Background: Hairy cell leukemia (HCL) is an indolent mature B-cell disorder that comprises ~2% of all leukemias. Purine analoguess (PNAs) such as cladribine (2-CdA) remains as the standard initial treatment with high response rate, but frequent late relapses occur. The addition of rituximab (R) has shown efficacy as a single agent and in combination in the first- and second-line settings. In this single-institution study, we show the impact of rituximab (R) in the outcomes of HCL.
Methods: An IRB-approved retrospective analysis was performed using patients diagnosed with HCL or HCL-variant (HCLv) who were seen at Moffitt Cancer Center between January 2000 and February 2018. Clinical and pathologic data at diagnosis as well as treatment history and clinical outcome data were collected. Primary endpoints were overall (OS) and progression-free survival (PFS). Secondary endpoints included overall response rate (ORR) defined as complete response + partial response (CR + PR). Statistical comparisons and survival analyses were performed using SPSSTM Statistics and GraphPad PrismTM.
Results: We identified 136 patients but 104 cases had available treatment data and follow up (96 HCL, 8 HCLv). The median follow-up was 79 months. The median age was 57 years (27 - 89) with a male:female ratio of 3.7:1 . Regarding symptoms present at diagnosis, most patients presented with cytopenias and splenomegaly (70% and 34%, respectively), with weight loss and recurrent infections present in 11% and 13%, respectively. The 5 and 10 year OS was 97% and 91%, respectively, with 2 deaths reported secondary to HCL. The median PFS for all patients receiving first-line therapy was 93 months. Several clinical and pathologic factors present at diagnosis were independently associated with worse PFS, including recurrent infections (HR 3.11, p = 0.01), weight loss (HR 2.67, p = 0.019), diagnosis of HCL-v (HR 3.22, p = 0.015), Hgb < 12 gm/dL (HR 2.41, p = 0.054), and abnormal cytogenetics (HR 13.6, p = 0.01). There were 18 patients in the treated population with known BRAF mutation status (11 positive, 7 negative) which did not correlate with PFS. Patients who achieved a CR after 1st line therapy had significantly longer PFS compared to those who achieved a PR (median PFS 103 vs 39 months, p = 0.001). Most patients received 2-CdA or 2-CdA+R (79 and 13, respectively) as first line with a higher CR rate in the 2-CdA+R group (100% vs 73%) and a higher median PFS for [not reached (NR) and 82 months, respectively, p= 0.09] with only 1 relapse in the 2-CdA+R group. In the 2nd line setting, 2-CdA+R (n=9) was also associated with a higher CR rate than 2-CdA alone (n=15, 89% vs 80%) with only 1 relapse in the 2-CdA+R group at 97 months. The median PFS for 2nd line 2-CdA+R vs 2-CdA was 97 and 43 months, respectively (p=0.31).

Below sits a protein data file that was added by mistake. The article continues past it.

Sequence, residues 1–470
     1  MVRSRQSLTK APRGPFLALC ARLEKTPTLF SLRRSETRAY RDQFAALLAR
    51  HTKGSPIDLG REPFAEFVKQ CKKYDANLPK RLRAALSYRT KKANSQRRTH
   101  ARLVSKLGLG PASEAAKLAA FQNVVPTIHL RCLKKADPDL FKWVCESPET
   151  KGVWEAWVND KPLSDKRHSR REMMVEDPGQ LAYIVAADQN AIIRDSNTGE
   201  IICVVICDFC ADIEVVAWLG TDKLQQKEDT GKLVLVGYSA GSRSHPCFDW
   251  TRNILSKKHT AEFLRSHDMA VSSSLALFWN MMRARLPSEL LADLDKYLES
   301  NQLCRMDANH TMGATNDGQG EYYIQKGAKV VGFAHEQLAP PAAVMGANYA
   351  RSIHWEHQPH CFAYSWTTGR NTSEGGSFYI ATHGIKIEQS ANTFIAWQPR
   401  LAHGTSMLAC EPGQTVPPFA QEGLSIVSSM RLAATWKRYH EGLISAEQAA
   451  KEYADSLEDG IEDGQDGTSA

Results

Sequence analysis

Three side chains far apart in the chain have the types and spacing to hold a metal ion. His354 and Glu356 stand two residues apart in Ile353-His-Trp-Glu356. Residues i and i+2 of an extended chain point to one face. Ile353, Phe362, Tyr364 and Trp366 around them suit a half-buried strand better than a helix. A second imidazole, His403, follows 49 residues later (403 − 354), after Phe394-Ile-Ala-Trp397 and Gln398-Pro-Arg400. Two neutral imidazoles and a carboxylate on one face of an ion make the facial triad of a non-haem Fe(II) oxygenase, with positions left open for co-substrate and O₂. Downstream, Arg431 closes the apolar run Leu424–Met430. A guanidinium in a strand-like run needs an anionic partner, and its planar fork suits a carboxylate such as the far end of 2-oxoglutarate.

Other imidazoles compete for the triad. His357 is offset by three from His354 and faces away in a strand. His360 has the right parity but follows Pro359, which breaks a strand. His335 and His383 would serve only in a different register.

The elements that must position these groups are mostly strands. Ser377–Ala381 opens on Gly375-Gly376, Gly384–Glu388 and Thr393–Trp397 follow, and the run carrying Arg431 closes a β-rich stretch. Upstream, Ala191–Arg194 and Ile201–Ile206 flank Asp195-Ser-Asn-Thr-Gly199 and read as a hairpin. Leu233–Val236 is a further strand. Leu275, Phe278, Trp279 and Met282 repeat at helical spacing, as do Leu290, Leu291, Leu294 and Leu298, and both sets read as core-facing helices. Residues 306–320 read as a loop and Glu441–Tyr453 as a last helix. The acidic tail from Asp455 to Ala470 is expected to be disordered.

Conclusions: In this study, we report a large, single-institution dataset of HCL and HCLv patients with long-term follow-up. The addition of rituximab improved the PFS in patients with HCL in the first-line and relapse settings and should be considered as a reasonable addition in the therapy for HCL even in the absence of randomized trials.
Chavez:Humanigen: Consultancy; Genentech: Consultancy, Membership on an entity's Board of Directors or advisory committees, Speakers Bureau; Novartis: Consultancy, Membership on an entity's Board of Directors or advisory committees; Merck: Research Funding; Kite: Consultancy, Membership on an entity's Board of Directors or advisory committees, Speakers Bureau; Janssen: Speakers Bureau.
Asterisk with author names denotes non-ASH members.